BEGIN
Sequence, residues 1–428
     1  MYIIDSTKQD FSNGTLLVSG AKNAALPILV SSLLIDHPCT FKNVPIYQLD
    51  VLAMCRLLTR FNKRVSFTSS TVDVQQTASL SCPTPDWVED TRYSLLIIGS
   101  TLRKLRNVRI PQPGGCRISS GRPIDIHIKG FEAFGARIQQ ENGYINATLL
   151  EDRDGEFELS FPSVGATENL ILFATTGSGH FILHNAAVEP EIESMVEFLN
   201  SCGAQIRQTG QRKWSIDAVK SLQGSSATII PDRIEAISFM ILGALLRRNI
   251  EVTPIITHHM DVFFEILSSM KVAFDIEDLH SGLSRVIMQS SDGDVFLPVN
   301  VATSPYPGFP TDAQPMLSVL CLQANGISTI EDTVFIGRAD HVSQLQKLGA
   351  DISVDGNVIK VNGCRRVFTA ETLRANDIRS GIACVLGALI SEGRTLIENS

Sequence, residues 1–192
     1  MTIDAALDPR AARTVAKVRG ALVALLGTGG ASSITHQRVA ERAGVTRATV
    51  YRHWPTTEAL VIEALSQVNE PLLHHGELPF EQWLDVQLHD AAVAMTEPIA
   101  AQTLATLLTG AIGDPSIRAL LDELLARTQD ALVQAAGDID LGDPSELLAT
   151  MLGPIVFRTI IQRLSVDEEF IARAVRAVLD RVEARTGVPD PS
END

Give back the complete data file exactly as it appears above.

Sequence, residues 1–428
     1  MYIIDSTKQD FSNGTLLVSG AKNAALPILV SSLLIDHPCT FKNVPIYQLD
    51  VLAMCRLLTR FNKRVSFTSS TVDVQQTASL SCPTPDWVED TRYSLLIIGS
   101  TLRKLRNVRI PQPGGCRISS GRPIDIHIKG FEAFGARIQQ ENGYINATLL
   151  EDRDGEFELS FPSVGATENL ILFATTGSGH FILHNAAVEP EIESMVEFLN
   201  SCGAQIRQTG QRKWSIDAVK SLQGSSATII PDRIEAISFM ILGALLRRNI
   251  EVTPIITHHM DVFFEILSSM KVAFDIEDLH SGLSRVIMQS SDGDVFLPVN
   301  VATSPYPGFP TDAQPMLSVL CLQANGISTI EDTVFIGRAD HVSQLQKLGA
   351  DISVDGNVIK VNGCRRVFTA ETLRANDIRS GIACVLGALI SEGRTLIENS

Sequence, residues 1–192
     1  MTIDAALDPR AARTVAKVRG ALVALLGTGG ASSITHQRVA ERAGVTRATV
    51  YRHWPTTEAL VIEALSQVNE PLLHHGELPF EQWLDVQLHD AAVAMTEPIA
   101  AQTLATLLTG AIGDPSIRAL LDELLARTQD ALVQAAGDID LGDPSELLAT
   151  MLGPIVFRTI IQRLSVDEEF IARAVRAVLD RVEARTGVPD PS